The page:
Basic Effective Cycling

The following was posted to the labmembers mailgroup, a discussion forum for League of American Bicyclists members, by John Forester, the author of Effective Cycling and many other works on cycling transportation engineering:

A cyclist who is competent in traffic is one who obeys the five principles of traffic operation, who understands traffic flow so that he or she can detect when some driver is not acting normally, and who has several methods for avoiding the most frequent problems.

The five principles:
1. Drive on the right side of the roadway, never on the left and never on the sidewalk.
2. When you reach a more important or larger road than the one you are on, yield to crossing traffic. Here, yielding means looking to each side and waiting until no traffic is coming.
3. When you intend to change lanes or to move laterally on the roadway, yield to traffic in the new lane or line of travel. Here, yielding means looking forward and backward until you see that no traffic is coming.
4. When approaching an intersection, position yourself with respect to your destination direction -- on the right near the curb if you want to turn right, on the left near the centerline if you want to turn left, and between those positions if you want to go straight.
5. Between intersections, position yourself according to your speed relative to other traffic; slower traffic is nearer the curb and faster traffic is nearer the centerline.

Examples of ways to detect when another driver is failing to operate properly:

The driver who overtakes you as you approach an intersection may be just overtaking you, or he may be intending to turn right. The driver who intends to turn right may well slow down, adopt a more rightward position, and, if he does start to turn, you can see the movement start. Watch actual speed and listen to engine noise for signs of slowing down. Watch the position to see if it looks further right than for going straight. Any rightward steering movement of the right front wheel or any lateral movement of the front of the car is a definite clue. React as early as you have any suspicion and take the appropriate avoidance maneuver.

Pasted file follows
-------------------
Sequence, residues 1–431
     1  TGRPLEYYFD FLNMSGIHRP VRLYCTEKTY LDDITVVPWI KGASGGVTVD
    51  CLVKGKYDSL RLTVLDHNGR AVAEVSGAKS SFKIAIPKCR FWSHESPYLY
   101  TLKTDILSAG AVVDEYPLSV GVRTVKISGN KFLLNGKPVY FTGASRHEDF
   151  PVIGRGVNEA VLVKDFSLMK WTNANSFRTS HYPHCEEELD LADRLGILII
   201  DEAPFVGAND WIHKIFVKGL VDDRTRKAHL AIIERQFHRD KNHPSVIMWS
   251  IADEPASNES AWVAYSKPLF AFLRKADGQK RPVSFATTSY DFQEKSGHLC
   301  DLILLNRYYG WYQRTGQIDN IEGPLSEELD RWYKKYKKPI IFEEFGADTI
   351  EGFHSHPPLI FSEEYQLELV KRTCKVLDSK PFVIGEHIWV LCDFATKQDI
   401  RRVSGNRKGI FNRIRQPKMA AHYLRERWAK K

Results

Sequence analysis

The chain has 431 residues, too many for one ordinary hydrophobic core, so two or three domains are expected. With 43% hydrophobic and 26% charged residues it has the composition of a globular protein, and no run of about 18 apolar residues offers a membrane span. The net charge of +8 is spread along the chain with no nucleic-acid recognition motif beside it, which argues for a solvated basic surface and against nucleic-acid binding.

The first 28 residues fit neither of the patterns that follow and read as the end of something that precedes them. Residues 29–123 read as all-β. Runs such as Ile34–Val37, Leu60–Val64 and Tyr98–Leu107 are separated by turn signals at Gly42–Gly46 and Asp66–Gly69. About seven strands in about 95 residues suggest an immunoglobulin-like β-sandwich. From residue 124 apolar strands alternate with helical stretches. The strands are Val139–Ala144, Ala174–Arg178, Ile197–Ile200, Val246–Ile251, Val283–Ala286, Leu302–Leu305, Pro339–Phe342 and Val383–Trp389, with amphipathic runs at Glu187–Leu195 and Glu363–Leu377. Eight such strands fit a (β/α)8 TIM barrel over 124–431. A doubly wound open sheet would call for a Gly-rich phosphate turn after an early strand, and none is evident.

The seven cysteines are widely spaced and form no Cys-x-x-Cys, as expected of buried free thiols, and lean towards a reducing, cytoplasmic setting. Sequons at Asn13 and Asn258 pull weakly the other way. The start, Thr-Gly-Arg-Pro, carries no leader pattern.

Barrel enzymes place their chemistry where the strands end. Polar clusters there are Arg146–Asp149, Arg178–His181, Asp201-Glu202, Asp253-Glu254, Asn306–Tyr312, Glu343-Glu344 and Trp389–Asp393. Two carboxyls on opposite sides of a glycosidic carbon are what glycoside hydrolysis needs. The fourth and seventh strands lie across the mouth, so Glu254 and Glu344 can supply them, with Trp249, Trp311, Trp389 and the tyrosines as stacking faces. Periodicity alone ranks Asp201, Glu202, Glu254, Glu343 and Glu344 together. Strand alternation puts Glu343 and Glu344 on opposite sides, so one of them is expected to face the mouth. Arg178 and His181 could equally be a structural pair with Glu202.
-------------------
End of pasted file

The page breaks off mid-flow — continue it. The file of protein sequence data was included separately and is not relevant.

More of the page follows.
The driver from the other direction and in the center lane who slows upon approaching an intersection that is close in front of you probably intends to turn left. You have the right of way, so he should wait for you. If the car does not slow sufficiently to indicate coming to a stop, or if it swings to its left more than just to the centerline, watch out. If it crosses the centerline, unless it is going very slowly with obvious intent to wait until you have crossed the intersection, then assume that it will continue its turn and take the appropriate avoidance maneuver.

Three methods of avoiding the common problems:
1. For both the motorist right turn and the motorist left turn, it is frequently necessary to make an instant right turn, moving between the threatening car and the curb in the new direction.
2. If you have sufficient distance, it is better to stop than to turn, so you need to know how to make a maximum deceleration stop. Even if the stop won't stop you in time, it often reduces your speed enough so that once you get to a sufficiently low speed you can release the brakes and turn sharply away from the danger.
3. Always beware of parked cars with people in them, either as seen through the windows or by evidence of recent movement, backup lights, or just parked in a high-turnover location (short parking times). Leave a door's width clearance if at all possible.

John Forester
Jforester* 726 Madrone Ave.
408-734-9426 Sunnyvale, CA 94086-3041